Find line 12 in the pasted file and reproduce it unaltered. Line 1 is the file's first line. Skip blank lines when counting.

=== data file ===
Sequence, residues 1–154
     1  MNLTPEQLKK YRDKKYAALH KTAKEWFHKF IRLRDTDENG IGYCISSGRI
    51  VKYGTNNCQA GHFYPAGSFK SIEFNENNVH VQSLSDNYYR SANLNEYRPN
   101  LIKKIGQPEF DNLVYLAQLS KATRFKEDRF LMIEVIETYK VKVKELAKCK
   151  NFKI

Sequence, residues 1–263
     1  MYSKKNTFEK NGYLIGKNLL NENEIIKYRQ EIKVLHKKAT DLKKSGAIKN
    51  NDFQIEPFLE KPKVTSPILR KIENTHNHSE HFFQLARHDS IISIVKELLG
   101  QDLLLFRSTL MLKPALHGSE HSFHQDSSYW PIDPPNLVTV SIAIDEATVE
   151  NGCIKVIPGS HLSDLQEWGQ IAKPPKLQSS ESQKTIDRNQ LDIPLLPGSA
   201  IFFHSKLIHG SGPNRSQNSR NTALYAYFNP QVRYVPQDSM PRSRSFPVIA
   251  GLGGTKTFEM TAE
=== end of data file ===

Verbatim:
   251  GLGGTKTFEM TAE